Referring to FIG. 2, a wireless modem according to the present invention is illustrated and is generally designated 100. The wireless modem 100 includes an ERW circuit 104 and a transponder 108. The memory 44 of the transponder 108 is coupled to the memory 112 of a host 116. As can be appreciated, the wireless modem 100 allows the memory 112 of the host 116 to be accessed remotely without requiring connection via direct electrical contact. In other words, data can be written to or read from the memory 112 of the host 116 in a contactless manner.
Various different ERWs 104 can be used depending upon the desired operating range and frequency. A suitable ERW circuit 104 for short range applications is the MINIPROX Reader available from HID Corporation, Tustin, Calif., USA, that can be mechanically configured for mounting in various types of environments. The ERW circuit 104 has three main functional units: an exciter/writer (EW) circuit 120, a signal conditioner circuit 122, and a demodulation and detection circuit 124.
The EW circuit 120 consists of an AC signal source 126 followed by a power amplifier 128 that amplifies the signal generated by the AC signal source 126 to provide a high current, high voltage excitation signal to a capacitor 130 and an antenna coil 132. The inductance of the antenna coil 132 and the capacitance of the capacitor 130 are selected to resonate at the excitation signal frequency so that the voltage across the antenna coil 132 is greater than the voltage output of the power amplifier 128. The AC signal source 126 provides an RF excitation signal that can include a password, an identification code for the transponder 108, and/or a write signal to be written into the memory 44 of the transponder or the memory 1 12 of the host 116 to alter data stored therein.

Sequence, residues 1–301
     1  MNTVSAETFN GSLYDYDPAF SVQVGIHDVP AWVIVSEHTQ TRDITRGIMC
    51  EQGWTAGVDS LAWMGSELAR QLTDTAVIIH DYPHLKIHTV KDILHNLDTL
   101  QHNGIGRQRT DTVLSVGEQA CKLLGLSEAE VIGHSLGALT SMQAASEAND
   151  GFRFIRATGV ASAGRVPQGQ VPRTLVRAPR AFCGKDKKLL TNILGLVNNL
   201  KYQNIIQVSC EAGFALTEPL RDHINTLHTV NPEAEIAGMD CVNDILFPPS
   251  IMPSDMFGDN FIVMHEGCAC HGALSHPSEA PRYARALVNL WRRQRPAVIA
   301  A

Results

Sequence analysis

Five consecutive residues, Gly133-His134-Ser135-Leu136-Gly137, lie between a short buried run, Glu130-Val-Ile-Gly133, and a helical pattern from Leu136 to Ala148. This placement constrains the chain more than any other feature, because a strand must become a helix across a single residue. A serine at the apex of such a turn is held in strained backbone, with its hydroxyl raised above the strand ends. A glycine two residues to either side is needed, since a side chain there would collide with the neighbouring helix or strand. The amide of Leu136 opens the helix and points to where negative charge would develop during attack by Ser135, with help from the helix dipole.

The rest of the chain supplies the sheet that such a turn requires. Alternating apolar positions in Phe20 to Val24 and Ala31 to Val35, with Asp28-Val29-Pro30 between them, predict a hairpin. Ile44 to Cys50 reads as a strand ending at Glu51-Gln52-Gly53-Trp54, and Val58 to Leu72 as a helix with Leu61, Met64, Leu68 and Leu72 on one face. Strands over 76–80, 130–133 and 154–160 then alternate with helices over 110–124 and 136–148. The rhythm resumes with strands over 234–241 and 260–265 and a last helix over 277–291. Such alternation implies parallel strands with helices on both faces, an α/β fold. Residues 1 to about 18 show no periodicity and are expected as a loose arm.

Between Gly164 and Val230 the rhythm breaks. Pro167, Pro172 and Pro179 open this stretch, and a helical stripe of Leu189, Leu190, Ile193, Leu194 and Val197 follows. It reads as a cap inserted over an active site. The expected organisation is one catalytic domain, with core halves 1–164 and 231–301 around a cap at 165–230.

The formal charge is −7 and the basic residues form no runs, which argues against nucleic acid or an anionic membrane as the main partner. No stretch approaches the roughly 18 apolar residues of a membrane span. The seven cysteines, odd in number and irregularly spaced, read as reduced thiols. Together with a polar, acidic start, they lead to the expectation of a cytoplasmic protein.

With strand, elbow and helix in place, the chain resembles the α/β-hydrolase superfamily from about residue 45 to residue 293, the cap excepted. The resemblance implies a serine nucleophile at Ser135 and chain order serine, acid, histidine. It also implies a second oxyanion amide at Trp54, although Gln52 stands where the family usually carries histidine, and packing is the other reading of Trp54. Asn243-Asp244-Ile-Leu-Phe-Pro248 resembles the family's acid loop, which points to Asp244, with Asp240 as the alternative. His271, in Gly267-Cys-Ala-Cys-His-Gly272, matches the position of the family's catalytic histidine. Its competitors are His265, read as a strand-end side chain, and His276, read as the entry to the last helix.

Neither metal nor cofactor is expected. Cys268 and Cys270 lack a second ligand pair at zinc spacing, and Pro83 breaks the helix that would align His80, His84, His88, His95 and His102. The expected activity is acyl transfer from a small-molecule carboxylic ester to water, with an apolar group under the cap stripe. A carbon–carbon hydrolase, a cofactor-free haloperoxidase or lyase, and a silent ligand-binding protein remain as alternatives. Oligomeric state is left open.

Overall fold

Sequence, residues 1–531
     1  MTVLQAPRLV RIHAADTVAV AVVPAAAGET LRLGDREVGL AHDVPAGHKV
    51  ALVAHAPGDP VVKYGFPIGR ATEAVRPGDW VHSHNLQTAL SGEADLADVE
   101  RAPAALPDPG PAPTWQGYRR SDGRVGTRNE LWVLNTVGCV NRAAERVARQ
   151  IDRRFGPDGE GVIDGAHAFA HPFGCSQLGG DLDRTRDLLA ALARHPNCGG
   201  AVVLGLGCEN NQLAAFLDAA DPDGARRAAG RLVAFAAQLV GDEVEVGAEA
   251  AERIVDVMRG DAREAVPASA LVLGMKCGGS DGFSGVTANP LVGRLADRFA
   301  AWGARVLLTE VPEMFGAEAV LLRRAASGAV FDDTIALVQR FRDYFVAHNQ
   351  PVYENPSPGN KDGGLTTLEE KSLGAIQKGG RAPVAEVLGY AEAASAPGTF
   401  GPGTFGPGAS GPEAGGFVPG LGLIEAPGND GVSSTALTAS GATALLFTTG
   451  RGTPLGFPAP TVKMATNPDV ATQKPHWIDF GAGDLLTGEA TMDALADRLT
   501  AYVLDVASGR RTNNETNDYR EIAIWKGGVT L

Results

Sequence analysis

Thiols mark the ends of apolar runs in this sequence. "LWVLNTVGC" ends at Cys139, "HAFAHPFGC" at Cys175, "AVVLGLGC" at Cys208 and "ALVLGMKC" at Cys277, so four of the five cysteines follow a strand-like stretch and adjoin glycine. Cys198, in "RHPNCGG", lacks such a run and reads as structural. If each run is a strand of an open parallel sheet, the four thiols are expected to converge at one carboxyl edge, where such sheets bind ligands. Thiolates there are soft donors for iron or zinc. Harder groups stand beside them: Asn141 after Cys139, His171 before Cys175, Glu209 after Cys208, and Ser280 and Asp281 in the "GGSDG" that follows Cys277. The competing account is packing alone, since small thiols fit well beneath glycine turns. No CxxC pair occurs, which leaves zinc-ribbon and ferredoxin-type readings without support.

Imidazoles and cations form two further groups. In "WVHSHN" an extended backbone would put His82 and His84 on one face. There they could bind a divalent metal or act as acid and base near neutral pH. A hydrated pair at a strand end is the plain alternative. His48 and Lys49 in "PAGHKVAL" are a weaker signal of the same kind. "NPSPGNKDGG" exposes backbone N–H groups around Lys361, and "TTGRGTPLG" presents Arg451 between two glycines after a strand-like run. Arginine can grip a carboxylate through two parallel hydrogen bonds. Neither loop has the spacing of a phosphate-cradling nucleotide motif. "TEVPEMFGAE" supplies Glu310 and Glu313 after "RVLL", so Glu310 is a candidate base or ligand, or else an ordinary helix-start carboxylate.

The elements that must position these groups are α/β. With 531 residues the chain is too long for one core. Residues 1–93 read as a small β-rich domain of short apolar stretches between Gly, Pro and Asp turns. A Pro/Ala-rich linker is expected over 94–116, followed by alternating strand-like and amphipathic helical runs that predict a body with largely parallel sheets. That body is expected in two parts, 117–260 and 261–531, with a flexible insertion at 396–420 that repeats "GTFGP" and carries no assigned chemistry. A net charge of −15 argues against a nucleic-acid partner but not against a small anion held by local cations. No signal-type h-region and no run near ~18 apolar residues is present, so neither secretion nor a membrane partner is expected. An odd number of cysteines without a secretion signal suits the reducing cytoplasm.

The signal conditioner circuit 122 is also coupled to the antenna coil 132 and serves to amplify the RF response signal generated by the transponder 108. The signal conditioner circuit 122 filters out the RF excitation signal frequency as well as other noise and undesired signals outside of the frequency range of the transponder signals. The signal conditioner circuit 122 includes a first filter 134 that passes the RF response signal frequency returned from the transponder 108. A first amplifier 138 increases the signal strength of the signal output by the first filter 134. A second filter 142 passively excludes high energy signals at the excitation frequency. A second amplifier 144 increases the signal strength of the signals output by the second filter 142. Preferably the first and second filters 134 and 142 include bandpass and bandstop filters. Skilled artisans can appreciate that the relative positions of the first and second filters can be switched or a higher order filter providing both bandpass and bandstop filtering functions can be employed. The first and second amplifiers 138 and 144 can be combined into a single amplifier.